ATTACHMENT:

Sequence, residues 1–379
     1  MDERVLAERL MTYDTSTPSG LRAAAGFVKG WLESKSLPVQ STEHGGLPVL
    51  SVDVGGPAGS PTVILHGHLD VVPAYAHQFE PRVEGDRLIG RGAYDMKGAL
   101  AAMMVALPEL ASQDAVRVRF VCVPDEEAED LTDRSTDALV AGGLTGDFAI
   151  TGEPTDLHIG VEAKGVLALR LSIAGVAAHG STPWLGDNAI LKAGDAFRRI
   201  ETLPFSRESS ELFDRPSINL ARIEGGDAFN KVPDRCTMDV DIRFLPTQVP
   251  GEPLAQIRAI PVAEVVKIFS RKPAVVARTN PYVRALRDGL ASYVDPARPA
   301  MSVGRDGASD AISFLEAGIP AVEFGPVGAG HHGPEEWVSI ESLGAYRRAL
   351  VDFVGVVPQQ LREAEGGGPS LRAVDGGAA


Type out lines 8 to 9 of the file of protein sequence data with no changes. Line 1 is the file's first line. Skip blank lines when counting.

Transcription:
   301  MSVGRDGASD AISFLEAGIP AVEFGPVGAG HHGPEEWVSI ESLGAYRRAL
   351  VDFVGVVPQQ LREAEGGGPS LRAVDGGAA